In the extremely unfortunate event that accidentally I end up fabulously wealthy, with massive RMDs, and have to pay 30%+ of that in taxes every year....well, I'll just have to find a way to live with my poor life choices. ;)
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I think there's a little more to it. I have a high income, high tax rate, and I prefer traditional (401k in my case) for the immediate tax savings.

...

even if I have a very large draw in retirement, it's likely the tax rate will be lower than the marginal rate when I set the money aside.


I don't see what's in your discussion other than tax rate and personal preferences. I guess I don't understand what's the little more to it.
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If you are saving in your 20s, having 50-60-70 years of tax free gains for your ROTH sure can make a lot of difference. If you are in the 20-30% more tax bracket, all those gains are tax free. In a traditional account (non deferred) you are paying taxes annually on gains...interest and dividends and capital gains.

I have to admit that I'm looking at Roths & IRAs from the standpoint of somebody who retired before there was such a thing as 401k-Roth and when the maximum IRA+Roth contribution limit was only $2000-$3000.

My first IRA limit was $1500/yr, and at that time me & co-workers were like, "Yeah, right, like who in the world can afford to put $1500 into an IRA."

It's better now, but still only $6000. Better than a poke in the eye with a sharp stick, but....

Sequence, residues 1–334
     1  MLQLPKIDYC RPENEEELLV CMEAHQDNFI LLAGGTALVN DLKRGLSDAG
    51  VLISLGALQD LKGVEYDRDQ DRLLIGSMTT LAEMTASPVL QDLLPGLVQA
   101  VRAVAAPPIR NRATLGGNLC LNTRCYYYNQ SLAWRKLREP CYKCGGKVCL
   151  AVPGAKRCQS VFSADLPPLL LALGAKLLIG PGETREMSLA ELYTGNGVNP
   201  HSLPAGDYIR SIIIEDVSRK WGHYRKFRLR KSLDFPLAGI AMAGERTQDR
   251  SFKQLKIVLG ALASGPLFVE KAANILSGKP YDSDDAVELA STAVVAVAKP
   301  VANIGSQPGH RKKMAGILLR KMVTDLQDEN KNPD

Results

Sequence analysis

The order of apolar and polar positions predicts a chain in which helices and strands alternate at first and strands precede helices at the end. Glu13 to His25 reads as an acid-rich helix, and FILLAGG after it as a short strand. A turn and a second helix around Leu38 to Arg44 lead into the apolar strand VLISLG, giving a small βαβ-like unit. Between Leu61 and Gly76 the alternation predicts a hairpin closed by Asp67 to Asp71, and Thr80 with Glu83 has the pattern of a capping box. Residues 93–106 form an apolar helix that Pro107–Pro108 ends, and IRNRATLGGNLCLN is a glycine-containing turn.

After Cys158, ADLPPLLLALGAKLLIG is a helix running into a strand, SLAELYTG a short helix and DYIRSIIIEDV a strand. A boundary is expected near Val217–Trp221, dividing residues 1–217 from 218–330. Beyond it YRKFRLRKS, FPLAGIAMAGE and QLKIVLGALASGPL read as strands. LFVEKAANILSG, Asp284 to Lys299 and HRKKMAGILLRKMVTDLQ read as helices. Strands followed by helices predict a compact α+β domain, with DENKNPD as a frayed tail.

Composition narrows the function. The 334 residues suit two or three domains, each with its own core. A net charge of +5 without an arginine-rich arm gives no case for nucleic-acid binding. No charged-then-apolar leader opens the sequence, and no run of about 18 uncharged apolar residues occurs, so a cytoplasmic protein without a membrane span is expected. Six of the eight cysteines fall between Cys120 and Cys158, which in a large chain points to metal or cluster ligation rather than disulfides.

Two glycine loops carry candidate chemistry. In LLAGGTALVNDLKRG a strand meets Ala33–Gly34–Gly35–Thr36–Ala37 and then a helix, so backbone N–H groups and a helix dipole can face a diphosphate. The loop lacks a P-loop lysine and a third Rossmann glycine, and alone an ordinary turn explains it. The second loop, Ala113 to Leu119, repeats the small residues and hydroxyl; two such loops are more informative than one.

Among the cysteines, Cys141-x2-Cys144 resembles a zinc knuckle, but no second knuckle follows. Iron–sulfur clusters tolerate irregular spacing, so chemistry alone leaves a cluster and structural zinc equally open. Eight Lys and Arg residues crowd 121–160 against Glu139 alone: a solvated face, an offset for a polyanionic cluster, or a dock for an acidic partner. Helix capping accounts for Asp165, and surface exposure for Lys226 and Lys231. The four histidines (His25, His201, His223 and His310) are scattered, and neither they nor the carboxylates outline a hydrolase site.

Also, I suspect that MOST people have the same reaction that we had back then, except it's "...who can afford to put $6000..."

Times two, of course, for most people. But if you can't afford $6K you sure can't afford $12k.

I haven't run comparative lifetime cash-flow analyses recently---it doesn't apply to me so I don't much care---but the last time I did the difference in final outcome was small.

Like I said, I think that FOR MOST PEOPLE the primary advantage is the forced savings aspect, that the money you put into an IRA is in a dedicated "for retirement" account and can't easily be spent on current-day toys.
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I don't see what's in your discussion other than tax rate and personal preferences. I guess I don't understand what's the little more to it.

Ok, you're right, it's still tax rate. What I was trying to get at is that "tax rate" is used by most to refer to a number in a tax table. Which is not quite the same as the blended tax paid. The typical roth vs traditional argument usually compares only marginal rates and ignores the blended concept.
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Those of you who remember your 3rd grade arithmetic will recognize this as the "Commutative law of multiplication."

Yes. And it's a losing battle.

It's the same as the problem of trying to debate Dividend Growth Investing. It doesn't matter to them that the value of the stock goes down by the amount of the dividend. It FEELS like free money so they ignore your attempt to drag facts and math into the discussion.

The tax-free growth inside a Roth is what they focus on, and they ignore the mathematical fact that it's a higher growth applied to a smaller base and that the final result comes out the same.
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Like I said, I think that FOR MOST PEOPLE the primary advantage is the forced savings aspect,

Even that might be overstating the benefits a bit.

I think the main utility of a TIRA these days is not as a savings vehicle but as a rollover vehicle. I don't see many people making systematic contributions to their TIRA. I would guess that nationally, probably less than 5% of all adults systematically put money into a TIRA. Probably some site out there that has the data.